Travelers Warm to New Yorker Hotel Pricing
The promotion, which began July 4 and runs through Labor Day, offers discounted rates based on the previous day's high temperature.
"We're helping them generate more interest in travel in a period of troubled economic times where people aren't necessarily thinking about it," said Tom Flournoy, vice president of product development at weather.com, Atlanta.
The promotion is a quirky attempt to generate traveler interest in New York, particularly the landmark New Yorker in the city's midtown district. Once owned by Hilton, the New Yorker is now part of the Unitarian Church, but managed separately.
Consumers who reserved read about the promotion in newspapers including USA Today, The Wall Street Journal, New York Post and Newsday. The only tactic used to push the promotion was public relations.
Availing the weather rates is simple. While checking in with the front desk, the guest mentions the weather deal. The hotel automatically charges a room rate equal to the previous day's high temperature for the duration of the guest's stay.
Obviously, it is hoped that guests check weather.com's New York weather page to confirm the temperature before checking in. August in New York is typically in the 80s and 90s with an occasional day approaching 100 degrees Fahrenheit.
The hotel typically charges $109 to $139 this time of year. The discount under the weather promotion is for single or double occupancy, subject to room availability and not applicable to groups or prior discounted deals.
"Summers are generally pretty slow, and everybody's very competitive in New York City in the hotel business, and rates are down 30 percent from what they were a year ago," said Barry Mann, general manager of the New Yorker. "So, since they're down that far, getting down to the $99 and $90 rate, I say, 'What the hell, let's take a chance, because the temperature in August is usually 85 to 86 degrees. And the worst that can happen is we lose a few bucks more on these special rates."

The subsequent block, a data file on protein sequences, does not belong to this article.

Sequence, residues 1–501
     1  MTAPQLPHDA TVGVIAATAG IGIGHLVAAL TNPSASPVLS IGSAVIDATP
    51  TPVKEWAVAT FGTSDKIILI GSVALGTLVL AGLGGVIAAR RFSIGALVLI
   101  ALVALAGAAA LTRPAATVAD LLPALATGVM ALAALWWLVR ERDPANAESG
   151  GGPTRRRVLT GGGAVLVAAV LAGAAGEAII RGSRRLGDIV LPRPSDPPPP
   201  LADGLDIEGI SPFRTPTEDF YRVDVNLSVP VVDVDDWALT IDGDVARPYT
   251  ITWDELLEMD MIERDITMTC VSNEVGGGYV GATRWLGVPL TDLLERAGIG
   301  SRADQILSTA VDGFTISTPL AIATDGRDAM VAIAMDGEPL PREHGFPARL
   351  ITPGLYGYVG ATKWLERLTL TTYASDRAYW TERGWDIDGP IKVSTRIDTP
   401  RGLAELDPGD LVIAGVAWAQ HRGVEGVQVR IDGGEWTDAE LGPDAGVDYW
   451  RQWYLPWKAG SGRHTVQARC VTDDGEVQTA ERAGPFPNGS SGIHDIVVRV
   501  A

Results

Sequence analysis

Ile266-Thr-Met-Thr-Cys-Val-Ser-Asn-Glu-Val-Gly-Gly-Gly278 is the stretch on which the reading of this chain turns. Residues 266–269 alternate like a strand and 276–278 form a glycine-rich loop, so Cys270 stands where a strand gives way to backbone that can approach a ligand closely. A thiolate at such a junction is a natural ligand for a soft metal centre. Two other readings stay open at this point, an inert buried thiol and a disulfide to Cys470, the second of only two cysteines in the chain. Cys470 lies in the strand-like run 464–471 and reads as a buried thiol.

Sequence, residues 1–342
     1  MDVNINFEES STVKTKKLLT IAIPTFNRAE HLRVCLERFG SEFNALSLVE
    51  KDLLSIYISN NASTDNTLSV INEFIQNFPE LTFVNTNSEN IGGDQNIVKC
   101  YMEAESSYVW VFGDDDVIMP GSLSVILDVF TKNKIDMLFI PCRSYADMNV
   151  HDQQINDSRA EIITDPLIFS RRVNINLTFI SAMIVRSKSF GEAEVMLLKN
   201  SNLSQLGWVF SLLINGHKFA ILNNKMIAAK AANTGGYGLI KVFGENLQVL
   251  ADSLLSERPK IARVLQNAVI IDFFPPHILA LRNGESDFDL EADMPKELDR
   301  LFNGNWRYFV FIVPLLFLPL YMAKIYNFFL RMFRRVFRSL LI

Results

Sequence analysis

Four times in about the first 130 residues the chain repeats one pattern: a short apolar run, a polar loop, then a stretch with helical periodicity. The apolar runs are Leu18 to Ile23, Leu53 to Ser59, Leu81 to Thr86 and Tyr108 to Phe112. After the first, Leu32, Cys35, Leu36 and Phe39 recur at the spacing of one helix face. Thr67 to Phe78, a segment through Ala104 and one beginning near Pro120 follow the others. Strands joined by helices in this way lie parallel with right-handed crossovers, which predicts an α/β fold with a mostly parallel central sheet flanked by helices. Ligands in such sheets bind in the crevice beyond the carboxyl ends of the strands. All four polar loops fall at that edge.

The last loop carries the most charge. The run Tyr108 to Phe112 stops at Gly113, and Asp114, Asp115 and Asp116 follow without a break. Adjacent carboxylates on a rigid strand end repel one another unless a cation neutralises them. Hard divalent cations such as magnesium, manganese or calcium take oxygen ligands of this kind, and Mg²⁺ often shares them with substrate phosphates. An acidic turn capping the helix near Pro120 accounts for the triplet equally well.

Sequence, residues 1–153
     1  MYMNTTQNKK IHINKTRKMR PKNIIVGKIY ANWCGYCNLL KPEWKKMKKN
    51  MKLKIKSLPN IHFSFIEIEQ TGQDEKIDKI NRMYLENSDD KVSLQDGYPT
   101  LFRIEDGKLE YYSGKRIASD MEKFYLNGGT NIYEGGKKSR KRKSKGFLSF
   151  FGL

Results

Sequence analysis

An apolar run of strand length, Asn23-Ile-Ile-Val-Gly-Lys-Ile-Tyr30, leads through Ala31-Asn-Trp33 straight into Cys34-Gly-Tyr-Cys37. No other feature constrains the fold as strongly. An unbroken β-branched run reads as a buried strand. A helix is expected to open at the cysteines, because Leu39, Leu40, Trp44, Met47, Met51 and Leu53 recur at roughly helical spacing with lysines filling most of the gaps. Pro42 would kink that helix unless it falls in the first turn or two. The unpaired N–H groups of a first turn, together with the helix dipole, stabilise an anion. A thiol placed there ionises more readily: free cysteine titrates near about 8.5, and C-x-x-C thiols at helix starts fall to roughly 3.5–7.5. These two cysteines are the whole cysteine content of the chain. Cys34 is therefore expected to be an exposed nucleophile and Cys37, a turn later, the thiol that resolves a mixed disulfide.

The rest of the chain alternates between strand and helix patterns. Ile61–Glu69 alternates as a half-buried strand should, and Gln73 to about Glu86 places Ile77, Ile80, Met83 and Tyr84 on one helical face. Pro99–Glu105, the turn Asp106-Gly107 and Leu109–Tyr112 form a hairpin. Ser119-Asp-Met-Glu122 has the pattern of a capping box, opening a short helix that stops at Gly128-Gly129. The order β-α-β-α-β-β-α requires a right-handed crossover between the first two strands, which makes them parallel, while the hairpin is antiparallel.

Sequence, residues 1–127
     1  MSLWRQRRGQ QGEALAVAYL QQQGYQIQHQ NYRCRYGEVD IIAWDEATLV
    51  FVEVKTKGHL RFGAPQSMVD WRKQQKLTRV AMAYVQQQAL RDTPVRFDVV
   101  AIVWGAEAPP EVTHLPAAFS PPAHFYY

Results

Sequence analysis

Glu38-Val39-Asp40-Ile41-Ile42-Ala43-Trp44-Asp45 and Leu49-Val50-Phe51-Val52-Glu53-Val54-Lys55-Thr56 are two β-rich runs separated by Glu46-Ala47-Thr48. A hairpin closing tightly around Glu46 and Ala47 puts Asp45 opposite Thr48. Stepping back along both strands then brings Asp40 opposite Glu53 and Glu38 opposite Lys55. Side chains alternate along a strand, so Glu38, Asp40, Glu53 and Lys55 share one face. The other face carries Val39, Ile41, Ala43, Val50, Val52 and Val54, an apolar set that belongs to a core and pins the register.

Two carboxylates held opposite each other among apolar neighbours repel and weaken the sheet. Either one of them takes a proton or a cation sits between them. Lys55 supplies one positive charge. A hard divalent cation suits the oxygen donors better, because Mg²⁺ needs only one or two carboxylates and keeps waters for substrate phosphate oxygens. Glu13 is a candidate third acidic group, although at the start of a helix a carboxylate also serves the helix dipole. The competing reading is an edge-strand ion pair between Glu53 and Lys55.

The New Yorker has little to lose. It is not paying The Weather Channel or weather.com for partnering in the promotion. But the media company is relying on travelers to check its site or channel before making travel arrangements.
Flournoy expects the New Yorker to track whether guests checked the weather on its site before making the reservation. But it is a small price to pay for a company that is looking to strike similar deals and boost its awareness.
"We at the Weather Channel are connected with business and vacation travelers," Flournoy said. "Communicating with hotels is the next logical step."
Using temperature as a lure, however, was the New Yorker team's idea after brainstorming with its agencies, including PR shop LVM Group, New York.
The "Chill Out" effort also took inspiration from another out-of-the-box promotion last year by the New Yorker. Called No Bull, it required the hotel to take $10 off the guest's bill if the stock market dropped 100 points. It was $20 off if the market plummeted 101 to 200 points. If the market dropped 500 points or more, the hotel offered a room on a higher floor with an open window.